We find it easy in Wales to blame others for any harm done
through colonisation of other countries by the British or other European
Empires. We can paint a picture that is very black and white, charging the
English or the Spanish say with imperialistic crimes while absolving ourselves
of any culpability. The truth, however, can often be more subtle and when we
begin to scratch the surface of history we find that we too, at times, had a
share in the atrocities of the 18th and 19th centuries in
places like Africa.
I was this week reminded of one
period where a Welshman played an important role in colonising the Congo under the leadership of the Belgian
King, Leopold II. ‘Dr. Livingstone, I presume,’ is a phrase well known and
represents a heroic picture of Christian missionaries on the African continent,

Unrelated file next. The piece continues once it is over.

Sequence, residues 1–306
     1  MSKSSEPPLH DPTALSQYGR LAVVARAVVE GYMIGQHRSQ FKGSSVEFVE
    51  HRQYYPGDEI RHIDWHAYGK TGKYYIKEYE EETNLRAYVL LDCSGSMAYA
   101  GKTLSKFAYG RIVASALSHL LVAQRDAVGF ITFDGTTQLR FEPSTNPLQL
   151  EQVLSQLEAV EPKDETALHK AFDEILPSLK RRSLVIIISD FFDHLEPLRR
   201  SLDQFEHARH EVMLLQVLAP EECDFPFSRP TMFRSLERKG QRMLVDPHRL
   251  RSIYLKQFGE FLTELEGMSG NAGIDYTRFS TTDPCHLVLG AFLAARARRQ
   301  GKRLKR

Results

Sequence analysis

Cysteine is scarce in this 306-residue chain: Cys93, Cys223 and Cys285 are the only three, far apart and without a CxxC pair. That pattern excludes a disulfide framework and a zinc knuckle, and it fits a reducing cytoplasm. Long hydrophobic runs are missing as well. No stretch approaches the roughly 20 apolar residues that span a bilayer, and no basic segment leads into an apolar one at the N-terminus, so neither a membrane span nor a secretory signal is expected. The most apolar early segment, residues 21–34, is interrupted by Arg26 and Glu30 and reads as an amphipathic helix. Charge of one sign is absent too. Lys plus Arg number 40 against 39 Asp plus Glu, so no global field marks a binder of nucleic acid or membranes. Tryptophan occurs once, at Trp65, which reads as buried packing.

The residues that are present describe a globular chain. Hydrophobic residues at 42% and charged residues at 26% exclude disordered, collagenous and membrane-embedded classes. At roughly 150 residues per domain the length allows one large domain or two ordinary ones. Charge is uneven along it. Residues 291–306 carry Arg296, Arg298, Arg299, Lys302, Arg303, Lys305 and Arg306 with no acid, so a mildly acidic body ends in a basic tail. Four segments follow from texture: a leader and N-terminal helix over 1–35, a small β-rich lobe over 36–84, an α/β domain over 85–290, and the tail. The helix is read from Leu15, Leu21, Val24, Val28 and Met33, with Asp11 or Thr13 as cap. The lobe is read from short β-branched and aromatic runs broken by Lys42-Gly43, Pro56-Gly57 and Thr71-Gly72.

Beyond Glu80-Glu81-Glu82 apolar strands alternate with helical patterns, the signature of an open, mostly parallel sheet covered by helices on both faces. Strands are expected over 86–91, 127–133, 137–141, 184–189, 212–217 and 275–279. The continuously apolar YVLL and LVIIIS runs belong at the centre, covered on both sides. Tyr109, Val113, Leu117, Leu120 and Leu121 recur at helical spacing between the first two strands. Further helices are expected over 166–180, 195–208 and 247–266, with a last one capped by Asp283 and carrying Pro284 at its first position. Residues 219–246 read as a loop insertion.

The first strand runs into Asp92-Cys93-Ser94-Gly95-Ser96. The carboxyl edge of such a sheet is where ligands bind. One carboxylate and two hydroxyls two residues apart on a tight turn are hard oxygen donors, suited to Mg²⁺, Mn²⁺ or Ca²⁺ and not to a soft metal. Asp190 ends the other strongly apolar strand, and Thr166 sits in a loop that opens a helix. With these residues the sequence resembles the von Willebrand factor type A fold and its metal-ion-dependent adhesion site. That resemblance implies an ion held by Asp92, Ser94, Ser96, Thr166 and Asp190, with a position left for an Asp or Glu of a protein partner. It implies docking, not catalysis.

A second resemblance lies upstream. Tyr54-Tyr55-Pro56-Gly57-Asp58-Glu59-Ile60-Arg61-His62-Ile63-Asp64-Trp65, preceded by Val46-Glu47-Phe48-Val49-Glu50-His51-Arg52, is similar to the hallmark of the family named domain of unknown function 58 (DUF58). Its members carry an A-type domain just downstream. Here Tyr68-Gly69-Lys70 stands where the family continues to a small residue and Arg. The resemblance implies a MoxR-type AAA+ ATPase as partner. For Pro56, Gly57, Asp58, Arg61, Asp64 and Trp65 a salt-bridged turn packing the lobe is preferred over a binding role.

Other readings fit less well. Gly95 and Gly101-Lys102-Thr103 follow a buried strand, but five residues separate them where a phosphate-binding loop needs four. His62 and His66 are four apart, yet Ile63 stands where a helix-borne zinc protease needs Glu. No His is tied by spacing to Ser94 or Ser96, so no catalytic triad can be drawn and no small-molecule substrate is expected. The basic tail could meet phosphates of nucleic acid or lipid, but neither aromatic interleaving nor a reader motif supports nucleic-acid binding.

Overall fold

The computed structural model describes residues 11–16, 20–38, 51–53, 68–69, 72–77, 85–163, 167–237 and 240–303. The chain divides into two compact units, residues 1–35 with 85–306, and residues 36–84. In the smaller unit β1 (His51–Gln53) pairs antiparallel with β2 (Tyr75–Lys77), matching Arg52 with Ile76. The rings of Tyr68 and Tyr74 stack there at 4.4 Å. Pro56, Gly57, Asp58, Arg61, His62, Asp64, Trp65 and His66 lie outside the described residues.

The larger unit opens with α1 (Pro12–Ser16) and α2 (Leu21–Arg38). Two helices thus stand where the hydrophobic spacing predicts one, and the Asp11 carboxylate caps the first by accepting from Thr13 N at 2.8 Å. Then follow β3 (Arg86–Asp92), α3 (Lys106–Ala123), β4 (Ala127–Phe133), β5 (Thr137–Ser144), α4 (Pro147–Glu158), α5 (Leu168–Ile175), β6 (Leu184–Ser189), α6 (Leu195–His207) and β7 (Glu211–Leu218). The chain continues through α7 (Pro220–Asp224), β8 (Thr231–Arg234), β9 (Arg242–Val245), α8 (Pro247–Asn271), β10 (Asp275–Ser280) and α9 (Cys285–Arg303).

but the man who uttered these words has a dark history attached to his name. H.
M. Stanley played a central role in Leopold’s plans of making Congo a Belgian colony and used startling
cruelty in the process. He was born in the north Wales town of Denbigh to a single mother. He ended up in
the workhouse and then left his native Wales for the US. There he was adopted by an
American and took on his name – Stanley.
He eventually became a journalist
and was a correspondent covering the exploits of many expeditions to Africa. It was there that he was recruited
by King Leopold and became a key component in the King’s plans of taking land
off the tribal chiefs of the Congo. In defending his brutal way with
the indigenous people Stanley said that ‘the savage only respects
force, power, boldness, and decision’. One of his contemporaries said about him
that he ‘shoots Africans as if they were monkeys’.
Today Denbighshire Council wish to
erect a statue in honour of their son, H. M. Stanley. According to the local
paper there is overwhelming support in the town for this. And we should remember
what he did – but surely not celebrate it. For Stanley is no hero but rather a stain on
our Welsh soul.
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